SANTA FE, N.M. — Rhonda Goodenough, an employee of the Children, Youth and Families Department in McKinley County for more than 15 years, claims that she was already dealing with musculoskeletal pain — which her doctor said resulted from her stress-filled job as a juvenile probation and parole officer — when her supervisors allegedly took away her duties before eventually firing her a week before Christmas.
According to court documents filed in the First Judicial District Court in Santa Fe County, Goodenough lost her job in retaliation for calling out so-called violations of overtime statutes, opposing decisions that sent kids to jail for minor juvenile offenses, encouraging alternative punishments for negligible offenses and speaking up for the best interests of McKinley County kids in court.
Goodenough v. CYFD also charges that Goodenough’s concerns fell on deaf ears, and that CYFD Cabinet Secretary Brian Blalock never addressed her concerns. A public records search at the Santa Fe offices of CYFD shows that Blalock twice responded to Goodenough. It’s unclear if an in-depth dialogue later took place between the two.
When reached by phone, Goodenough, citing the pending litigation, declined comment. Her Albuquerque, N.M.-based attorney, Rosario D. Vega Lynn, also turned down an interview request.
“I’m not authorized to comment on this particular suit,” CYFD spokesperson Charlie Moore-Pabst said. The lawsuit was filed under the New Mexico Whistleblower Protection Act on Dec. 21, four days after Goodenough’s termination.
A majority of the complaints in the civil suit were purported to occur before Blalock took over at CYFD as cabinet secretary in January 2019. An appointee of Gov. Michelle Lujan Grisham, a Democrat, Blalock is a former lawyer in the San Francisco Bay area with no government experience.
He has started to reinvent the troubled state agency by decreasing vacancy rates for its child protective services caseworkers and establishing an Indian Child Welfare Act (ICWA) court. He also hopes to avoid lawsuits such as Goodenough v. CYFD by changing the culture within CYFD, where staff members have been invited to participate in conversations about child welfare reform instead of left to dwell on everything that’s not working for the state’s at-risk youth.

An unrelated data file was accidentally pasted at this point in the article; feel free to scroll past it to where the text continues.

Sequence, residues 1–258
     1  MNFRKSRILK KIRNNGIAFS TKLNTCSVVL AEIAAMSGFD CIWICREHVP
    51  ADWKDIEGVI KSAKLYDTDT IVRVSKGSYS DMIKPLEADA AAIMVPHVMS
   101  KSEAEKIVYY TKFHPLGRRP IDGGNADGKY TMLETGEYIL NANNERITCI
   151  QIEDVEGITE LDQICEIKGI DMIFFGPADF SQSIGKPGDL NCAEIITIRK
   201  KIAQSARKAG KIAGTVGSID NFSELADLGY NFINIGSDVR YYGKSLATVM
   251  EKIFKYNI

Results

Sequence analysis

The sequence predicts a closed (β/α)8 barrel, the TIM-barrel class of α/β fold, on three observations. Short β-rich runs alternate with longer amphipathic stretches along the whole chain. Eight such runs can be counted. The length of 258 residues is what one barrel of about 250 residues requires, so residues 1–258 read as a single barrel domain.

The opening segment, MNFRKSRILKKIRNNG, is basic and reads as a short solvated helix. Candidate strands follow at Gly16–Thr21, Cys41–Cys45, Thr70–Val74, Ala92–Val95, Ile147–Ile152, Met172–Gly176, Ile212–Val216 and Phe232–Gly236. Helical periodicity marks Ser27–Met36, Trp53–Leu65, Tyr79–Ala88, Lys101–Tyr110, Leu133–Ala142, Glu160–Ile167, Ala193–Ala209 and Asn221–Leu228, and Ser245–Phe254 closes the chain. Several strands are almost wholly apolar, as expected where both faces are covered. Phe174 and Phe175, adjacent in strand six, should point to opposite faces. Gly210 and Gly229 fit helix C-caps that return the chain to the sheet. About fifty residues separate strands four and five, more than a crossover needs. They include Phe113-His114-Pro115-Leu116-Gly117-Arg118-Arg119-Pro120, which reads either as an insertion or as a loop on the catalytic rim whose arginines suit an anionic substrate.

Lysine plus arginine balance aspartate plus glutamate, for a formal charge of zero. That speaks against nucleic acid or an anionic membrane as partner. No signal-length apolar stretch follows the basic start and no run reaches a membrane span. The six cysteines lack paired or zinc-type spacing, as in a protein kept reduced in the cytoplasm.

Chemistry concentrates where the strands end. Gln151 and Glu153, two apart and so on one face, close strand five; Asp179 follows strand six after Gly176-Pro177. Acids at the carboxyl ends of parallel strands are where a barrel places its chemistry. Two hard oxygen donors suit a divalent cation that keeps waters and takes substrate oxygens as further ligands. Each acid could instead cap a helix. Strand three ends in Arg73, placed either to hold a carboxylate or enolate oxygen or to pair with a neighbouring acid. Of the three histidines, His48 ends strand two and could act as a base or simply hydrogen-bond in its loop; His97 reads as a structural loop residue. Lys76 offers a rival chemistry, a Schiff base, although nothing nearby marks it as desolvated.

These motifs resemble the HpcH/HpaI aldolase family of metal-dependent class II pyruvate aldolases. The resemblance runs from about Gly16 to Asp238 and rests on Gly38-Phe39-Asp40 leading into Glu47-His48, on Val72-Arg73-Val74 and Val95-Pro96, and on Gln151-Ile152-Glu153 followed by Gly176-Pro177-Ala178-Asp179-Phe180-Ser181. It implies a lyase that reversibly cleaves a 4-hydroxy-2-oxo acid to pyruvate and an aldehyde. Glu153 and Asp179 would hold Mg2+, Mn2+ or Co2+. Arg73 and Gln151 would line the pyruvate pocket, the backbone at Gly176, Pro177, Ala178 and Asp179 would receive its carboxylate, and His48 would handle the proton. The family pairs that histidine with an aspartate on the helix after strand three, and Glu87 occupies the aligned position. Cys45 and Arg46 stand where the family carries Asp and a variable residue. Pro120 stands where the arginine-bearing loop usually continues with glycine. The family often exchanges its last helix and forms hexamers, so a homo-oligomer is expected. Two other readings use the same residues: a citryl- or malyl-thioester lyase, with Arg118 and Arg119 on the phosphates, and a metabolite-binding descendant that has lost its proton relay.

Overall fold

In a comprehensive sit-down interview in mid-December, Blalock said he also wants to put the focus back on New Mexico kids and families. The question of whether CYFD could have stopped an instance of harm often takes precedence over the accounts of children and those close to them, he said.
“Sometimes absolutely tragic and completely unforeseeable accidents happen. We see this often when we conduct detailed reviews of the most disturbing cases,” Blalock said. “It makes it harder to solve the problem when we’re asking all the wrong questions. … we want to get to that point where there’s a healthy feedback loop because ultimately if we’re serving children and families well, we’ll be amplifying their voices and their narratives.”
‘It’s about time you showed up’
Forty children in the state’s foster care system as of June 2019 lived in McKinley County, out of 2,380 throughout the state, according to CYFD’s 360 Quarterly Report. It also shows that 39% of McKinley County children under 18 live in poverty, compared to 30% statewide. The county’s median household income of $30,188 from 2007 to 2011 is well below the state average of $43,872.
Working with community partners across the state, New Mexico established the state’s first ICWA Court — and only the nation’s sixth — in Bernalillo County. If a court determines that a Native American child must be separated from his or her Native parents, the legal system must adhere to the 1978 congressional law, which prioritizes foster care or adoption placement with Native families.
Marie Ward, Second Judicial District Court judge; David Eisenberg, chief judge of the Taos Pueblo Tribal Court; and Special Master Catherine Begaye, presiding officer, are leading the court, which opened on Jan. 1. According to Census Bureau population estimates from July 1, 2019, 79.1% of McKinley County’s population are comprised of American Indians and Alaska Natives.
Blalock said it’s part of an overall effort by CYFD to work with the state’s pueblos and tribal leaders.
“The conversations with the tribes have been incredible,” he said. “We’ve been told, ‘It’s about time you showed up. Let’s work together as long as you’re listening to us.’ I think we have this awesome window to make real progress.”
This story is part of a Youth Today project on foster care in New Mexico. It’s made possible in part by the May and Stanley Smith Charitable Trust. Youth Today is solely responsible for the content and maintains editorial independence.